Regional distribution of pulmonary blood flow in normal high-altitude dwellers at 3,650 m (12,200 ft)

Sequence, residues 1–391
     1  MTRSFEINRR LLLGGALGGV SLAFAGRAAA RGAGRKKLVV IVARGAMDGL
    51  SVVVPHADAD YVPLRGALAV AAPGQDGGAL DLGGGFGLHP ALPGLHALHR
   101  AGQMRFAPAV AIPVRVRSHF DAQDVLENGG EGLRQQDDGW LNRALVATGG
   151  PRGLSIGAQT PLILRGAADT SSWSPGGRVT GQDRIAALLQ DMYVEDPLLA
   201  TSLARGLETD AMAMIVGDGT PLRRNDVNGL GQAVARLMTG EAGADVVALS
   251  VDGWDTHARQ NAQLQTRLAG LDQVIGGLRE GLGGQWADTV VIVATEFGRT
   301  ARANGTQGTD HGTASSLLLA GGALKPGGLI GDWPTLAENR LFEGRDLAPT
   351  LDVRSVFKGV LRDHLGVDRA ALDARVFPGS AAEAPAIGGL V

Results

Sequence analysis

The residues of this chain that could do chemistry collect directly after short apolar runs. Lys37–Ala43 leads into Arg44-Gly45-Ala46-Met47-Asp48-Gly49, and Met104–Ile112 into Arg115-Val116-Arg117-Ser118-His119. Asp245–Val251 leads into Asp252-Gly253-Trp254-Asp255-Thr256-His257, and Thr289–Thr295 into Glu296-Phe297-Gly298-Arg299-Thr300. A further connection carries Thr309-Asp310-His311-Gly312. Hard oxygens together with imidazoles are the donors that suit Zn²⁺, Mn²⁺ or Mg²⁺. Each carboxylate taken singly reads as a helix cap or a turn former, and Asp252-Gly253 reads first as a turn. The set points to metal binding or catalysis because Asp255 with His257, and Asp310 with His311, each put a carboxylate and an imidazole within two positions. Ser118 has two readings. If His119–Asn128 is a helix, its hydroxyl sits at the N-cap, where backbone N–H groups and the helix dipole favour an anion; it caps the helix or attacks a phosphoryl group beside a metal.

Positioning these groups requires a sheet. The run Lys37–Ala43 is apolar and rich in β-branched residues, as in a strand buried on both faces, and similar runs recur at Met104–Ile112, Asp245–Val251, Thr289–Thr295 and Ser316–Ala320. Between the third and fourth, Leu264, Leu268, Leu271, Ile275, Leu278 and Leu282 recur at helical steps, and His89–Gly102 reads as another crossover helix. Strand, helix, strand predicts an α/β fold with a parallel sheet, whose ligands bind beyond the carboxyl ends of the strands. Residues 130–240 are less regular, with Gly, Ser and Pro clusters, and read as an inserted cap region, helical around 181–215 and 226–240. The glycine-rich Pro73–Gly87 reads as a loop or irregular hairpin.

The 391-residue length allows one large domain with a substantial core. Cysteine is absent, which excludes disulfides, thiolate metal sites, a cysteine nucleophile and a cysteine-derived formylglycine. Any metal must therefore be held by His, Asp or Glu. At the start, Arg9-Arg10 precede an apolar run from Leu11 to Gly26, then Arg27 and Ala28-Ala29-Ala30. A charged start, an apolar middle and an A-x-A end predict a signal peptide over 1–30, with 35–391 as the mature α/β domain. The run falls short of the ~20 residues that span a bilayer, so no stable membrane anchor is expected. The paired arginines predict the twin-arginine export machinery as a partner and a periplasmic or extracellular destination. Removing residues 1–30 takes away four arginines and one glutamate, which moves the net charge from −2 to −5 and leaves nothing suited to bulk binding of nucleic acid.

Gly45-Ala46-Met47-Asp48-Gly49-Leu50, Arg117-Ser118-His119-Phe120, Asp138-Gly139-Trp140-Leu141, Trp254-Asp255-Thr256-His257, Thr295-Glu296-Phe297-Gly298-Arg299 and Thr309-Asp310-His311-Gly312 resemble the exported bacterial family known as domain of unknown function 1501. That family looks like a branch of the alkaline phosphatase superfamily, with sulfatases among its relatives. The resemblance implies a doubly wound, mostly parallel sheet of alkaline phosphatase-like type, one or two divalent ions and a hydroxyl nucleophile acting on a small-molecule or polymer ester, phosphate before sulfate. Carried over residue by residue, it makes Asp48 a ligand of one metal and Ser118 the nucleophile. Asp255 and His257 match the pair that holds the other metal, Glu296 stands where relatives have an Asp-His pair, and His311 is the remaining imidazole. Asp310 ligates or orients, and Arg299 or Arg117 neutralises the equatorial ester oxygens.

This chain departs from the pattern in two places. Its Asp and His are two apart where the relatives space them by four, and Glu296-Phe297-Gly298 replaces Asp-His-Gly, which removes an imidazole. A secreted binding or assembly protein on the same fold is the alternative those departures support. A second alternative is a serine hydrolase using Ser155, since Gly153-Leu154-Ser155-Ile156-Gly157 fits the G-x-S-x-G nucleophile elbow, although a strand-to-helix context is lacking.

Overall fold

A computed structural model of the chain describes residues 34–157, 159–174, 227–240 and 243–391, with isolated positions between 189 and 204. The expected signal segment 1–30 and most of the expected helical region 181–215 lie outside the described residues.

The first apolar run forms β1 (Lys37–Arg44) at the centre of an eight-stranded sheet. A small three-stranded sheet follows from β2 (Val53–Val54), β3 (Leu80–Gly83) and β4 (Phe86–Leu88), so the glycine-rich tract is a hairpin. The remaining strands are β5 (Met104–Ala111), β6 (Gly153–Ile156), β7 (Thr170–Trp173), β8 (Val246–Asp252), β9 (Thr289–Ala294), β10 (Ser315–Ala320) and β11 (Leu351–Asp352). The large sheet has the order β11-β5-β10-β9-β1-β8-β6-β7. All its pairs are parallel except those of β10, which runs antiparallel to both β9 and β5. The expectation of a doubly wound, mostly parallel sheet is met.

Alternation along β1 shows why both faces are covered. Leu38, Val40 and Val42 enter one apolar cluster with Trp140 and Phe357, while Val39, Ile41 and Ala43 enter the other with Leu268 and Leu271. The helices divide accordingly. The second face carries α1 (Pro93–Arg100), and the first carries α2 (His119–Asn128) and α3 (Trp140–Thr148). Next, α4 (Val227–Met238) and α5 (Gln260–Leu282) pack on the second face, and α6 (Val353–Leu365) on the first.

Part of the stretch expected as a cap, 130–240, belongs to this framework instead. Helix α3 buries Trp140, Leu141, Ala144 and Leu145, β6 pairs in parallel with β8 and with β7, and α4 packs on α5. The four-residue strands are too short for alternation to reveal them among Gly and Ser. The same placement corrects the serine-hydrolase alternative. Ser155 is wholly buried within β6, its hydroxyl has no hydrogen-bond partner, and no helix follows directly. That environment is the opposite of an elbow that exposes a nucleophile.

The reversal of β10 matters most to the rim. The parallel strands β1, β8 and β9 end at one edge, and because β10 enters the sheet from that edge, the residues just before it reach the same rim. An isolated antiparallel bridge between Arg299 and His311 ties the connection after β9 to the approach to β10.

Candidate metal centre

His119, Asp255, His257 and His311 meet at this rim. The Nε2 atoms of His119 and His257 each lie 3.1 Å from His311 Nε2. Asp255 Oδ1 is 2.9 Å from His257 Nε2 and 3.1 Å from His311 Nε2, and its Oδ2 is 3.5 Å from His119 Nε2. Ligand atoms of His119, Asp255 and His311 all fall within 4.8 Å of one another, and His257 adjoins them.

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Abstract. Simultaneous isotope dilution curves were recorded from the right upper (QRUZ) and right lower lung zones (QRLZ) by surface scanning in the sitting and recumbent positions in 15 normal high-altitude-born (HAD) males and in 1HAD female as well as from 3 male newcomers, using 10 µCi of 131I-HSA as a bolus injection into the right ventricle. Similar information was also obtained at sea level from 5 normal males. The mean percent distribution of total pulmonary blood flow (Q) to RUZ and RLZ in the two body postures indicate (1) that in the vertical position RUZ in males receives about 17 % of Q regardless of altitude and elevation in mean pulmonary artery pressure (MPAP) in HAD of 8.6 mm Hg above that extant at sea level; (2) recumbency at high altitude showed QRUZ also to be lower than at sea level; (3) elevation in MPAP at altitude has no significant effect on changing the sea-level distribution pattern of pulmonary blood flow.